Kenneth Oja

As a nurse research scientist, I am grateful to work in Colorado, a state that prioritizes health care research. Our state is home to numerous hospital systems and research institutions that conduct clinical trials and other studies to find cures for diseases and develop new therapies. As someone who has dedicated my career to finding new and innovative treatments and care strategies for patients, I have been fortunate to live in such an environment.

However, the recent creation of the Prescription Drug Affordability Board (PDAB), has been concerning. That’s because though the intention of the PDAB is to lower the cost of prescription drugs, I worry it may have disastrous consequences for some patients.

According to the Colorado Health Access Survey, nearly half of Colorado’s population, or 2.7 million Coloradans, take at least one prescription medication.  Of those, 12.7% (roughly 304,000 Coloradans), report difficulty affording their prescriptions. Though the PDAB aims to address this issue, I fear that in reality patients with rare chronic diseases will lose access to the best clinically effective medications available to treat their conditions.

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The most common chronic diseases across the U.S. and in Colorado are heart disease, arthritis and diabetes. Though we have treatments and medications to manage and treat these diseases, prices have risen dramatically in the past decade. Like many in this country, I have been outraged to see prices for these medications rise exponentially and frustrated to see patients struggle to afford their necessary medications. I initially thought the PDAB would address these issues, but after reading recent articles about the upcoming recommendation process, I was disturbed to see some modern treatments for rare chronic diseases, such as certain types of cancer, sickle cell disorder, and cystic fibrosis, could inadvertently be targeted.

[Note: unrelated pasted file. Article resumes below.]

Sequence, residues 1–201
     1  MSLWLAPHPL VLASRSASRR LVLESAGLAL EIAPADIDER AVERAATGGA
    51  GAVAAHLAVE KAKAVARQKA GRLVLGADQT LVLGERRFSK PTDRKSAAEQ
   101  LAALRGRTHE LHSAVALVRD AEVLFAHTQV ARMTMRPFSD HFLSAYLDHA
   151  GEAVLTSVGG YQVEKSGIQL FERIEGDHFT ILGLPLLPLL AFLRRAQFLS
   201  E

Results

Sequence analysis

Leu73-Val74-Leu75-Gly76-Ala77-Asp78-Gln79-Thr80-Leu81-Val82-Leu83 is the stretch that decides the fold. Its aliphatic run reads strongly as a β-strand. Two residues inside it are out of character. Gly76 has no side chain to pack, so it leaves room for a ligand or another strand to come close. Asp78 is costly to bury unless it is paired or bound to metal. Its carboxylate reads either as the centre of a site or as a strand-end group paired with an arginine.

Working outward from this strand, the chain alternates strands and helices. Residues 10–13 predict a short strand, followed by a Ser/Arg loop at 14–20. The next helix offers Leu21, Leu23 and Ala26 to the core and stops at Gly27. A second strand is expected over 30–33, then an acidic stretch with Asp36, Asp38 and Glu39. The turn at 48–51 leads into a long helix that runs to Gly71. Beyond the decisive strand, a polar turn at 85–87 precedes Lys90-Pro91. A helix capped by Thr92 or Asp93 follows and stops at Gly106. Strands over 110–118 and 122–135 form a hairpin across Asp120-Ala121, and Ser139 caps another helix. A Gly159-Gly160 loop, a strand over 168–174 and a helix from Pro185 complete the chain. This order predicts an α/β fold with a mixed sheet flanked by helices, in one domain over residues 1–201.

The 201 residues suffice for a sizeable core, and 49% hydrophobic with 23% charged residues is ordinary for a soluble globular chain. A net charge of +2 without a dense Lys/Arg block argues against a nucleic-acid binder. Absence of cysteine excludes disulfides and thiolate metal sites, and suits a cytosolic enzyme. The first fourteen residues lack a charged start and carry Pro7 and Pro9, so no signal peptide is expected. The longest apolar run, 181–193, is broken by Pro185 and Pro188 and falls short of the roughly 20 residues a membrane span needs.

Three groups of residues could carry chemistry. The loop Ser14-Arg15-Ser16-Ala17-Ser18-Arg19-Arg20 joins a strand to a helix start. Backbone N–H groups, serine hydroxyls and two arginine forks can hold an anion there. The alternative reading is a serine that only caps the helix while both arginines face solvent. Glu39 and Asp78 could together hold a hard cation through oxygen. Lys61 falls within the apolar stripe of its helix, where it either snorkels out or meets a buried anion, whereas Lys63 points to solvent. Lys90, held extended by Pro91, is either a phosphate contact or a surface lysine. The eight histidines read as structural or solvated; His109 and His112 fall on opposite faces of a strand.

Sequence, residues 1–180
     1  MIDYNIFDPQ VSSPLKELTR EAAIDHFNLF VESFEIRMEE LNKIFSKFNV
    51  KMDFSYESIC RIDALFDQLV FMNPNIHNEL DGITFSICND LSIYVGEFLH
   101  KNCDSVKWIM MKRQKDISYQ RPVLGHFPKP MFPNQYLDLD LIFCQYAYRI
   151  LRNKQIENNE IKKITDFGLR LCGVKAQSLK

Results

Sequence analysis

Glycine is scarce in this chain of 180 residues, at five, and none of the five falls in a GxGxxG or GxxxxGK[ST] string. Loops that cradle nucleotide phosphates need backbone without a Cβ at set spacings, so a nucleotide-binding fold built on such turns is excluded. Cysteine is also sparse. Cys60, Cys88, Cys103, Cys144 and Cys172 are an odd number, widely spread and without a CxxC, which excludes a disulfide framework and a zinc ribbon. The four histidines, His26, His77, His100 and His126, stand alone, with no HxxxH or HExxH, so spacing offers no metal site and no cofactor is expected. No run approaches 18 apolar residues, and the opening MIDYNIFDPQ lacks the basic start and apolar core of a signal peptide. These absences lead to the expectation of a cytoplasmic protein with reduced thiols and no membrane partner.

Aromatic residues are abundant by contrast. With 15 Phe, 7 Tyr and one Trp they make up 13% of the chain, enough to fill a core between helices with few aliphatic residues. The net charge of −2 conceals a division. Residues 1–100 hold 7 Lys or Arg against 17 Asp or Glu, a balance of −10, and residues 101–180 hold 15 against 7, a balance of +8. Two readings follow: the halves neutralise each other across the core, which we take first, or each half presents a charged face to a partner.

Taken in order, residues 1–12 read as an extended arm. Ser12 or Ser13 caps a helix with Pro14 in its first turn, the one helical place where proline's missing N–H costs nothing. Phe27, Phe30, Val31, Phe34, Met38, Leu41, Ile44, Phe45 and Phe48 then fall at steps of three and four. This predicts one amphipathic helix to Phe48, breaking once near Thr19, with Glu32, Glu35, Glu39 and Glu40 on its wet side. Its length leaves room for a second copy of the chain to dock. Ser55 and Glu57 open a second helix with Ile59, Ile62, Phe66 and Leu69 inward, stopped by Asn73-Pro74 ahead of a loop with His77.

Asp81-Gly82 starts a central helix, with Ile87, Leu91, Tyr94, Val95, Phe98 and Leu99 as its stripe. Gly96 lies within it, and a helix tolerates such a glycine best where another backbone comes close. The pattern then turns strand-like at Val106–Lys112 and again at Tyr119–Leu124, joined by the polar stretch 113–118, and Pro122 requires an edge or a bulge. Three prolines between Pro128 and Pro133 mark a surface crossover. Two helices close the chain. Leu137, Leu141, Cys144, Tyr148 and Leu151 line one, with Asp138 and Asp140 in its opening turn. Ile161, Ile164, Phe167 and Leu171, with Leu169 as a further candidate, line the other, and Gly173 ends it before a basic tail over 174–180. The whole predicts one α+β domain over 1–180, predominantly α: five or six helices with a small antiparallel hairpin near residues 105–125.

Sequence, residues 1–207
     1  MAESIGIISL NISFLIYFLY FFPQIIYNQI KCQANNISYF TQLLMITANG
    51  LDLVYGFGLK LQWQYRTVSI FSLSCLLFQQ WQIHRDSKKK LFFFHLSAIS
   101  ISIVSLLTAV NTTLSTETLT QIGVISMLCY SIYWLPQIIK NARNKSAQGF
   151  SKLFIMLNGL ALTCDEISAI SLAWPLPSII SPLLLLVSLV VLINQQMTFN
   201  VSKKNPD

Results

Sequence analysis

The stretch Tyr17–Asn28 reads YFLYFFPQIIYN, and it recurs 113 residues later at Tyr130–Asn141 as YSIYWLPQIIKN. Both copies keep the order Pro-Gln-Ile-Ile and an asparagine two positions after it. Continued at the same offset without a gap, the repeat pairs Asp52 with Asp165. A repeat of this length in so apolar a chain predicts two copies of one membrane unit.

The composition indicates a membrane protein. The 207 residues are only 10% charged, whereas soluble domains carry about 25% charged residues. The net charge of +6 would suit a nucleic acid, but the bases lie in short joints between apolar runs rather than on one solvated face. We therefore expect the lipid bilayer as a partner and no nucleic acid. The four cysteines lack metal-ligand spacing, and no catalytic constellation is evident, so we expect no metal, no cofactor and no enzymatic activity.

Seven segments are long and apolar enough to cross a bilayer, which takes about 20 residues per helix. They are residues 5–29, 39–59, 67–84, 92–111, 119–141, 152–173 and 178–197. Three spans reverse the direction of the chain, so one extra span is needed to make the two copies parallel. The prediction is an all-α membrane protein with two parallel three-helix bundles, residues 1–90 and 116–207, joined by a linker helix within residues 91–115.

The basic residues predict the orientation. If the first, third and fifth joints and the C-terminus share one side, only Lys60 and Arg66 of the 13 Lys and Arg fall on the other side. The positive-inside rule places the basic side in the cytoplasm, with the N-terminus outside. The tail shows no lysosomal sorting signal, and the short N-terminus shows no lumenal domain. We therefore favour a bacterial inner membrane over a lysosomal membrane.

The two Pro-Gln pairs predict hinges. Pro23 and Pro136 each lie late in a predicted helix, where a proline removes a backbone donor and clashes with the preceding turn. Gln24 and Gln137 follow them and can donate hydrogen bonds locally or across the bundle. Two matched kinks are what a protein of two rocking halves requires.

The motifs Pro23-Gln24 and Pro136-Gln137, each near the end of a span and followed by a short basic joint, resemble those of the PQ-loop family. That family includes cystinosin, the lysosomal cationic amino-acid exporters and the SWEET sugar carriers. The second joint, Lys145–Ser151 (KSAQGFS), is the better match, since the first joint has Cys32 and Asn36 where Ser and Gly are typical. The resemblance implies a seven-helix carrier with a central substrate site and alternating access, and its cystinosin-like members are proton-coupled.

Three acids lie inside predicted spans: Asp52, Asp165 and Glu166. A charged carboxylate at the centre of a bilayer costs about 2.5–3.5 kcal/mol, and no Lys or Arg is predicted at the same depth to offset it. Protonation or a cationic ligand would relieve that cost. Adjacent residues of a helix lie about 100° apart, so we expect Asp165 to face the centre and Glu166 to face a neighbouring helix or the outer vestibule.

The PDAB’s mandate is to review medications or treatments with an "initial wholesale acquisition (for hospitals, pharmacies or insurers) cost of $30,000 or more for a twelve-month supply." Unfortunately, many of the drugs that fall into this category are used to treat rare diseases that affect a small population.

The PDAB’s focus on cost could limit patients' access to effective treatments, and potentially even prevent access to a cure for their rare chronic diseases. This could have significant negative consequences on the health and quality of life of these patients, as there is often no equally effective alternative option available.

I believe refining the guidelines is necessary. We need to consider the unique challenges of rare diseases and the importance of innovative treatments.

Yes, it's important to address the issue of prescription drug affordability in Colorado, but we must do so in a way that does not inadvertently harm the patients we are trying to help. Instead of an arbitrary price limit, a more nuanced approach that considers the unique challenges of rare diseases is needed.

Kenneth Oja is an assistant professor of nursing and nurse research scientist in Colorado. He assists nurses in conducting research to improve nursing practice and patient outcomes.

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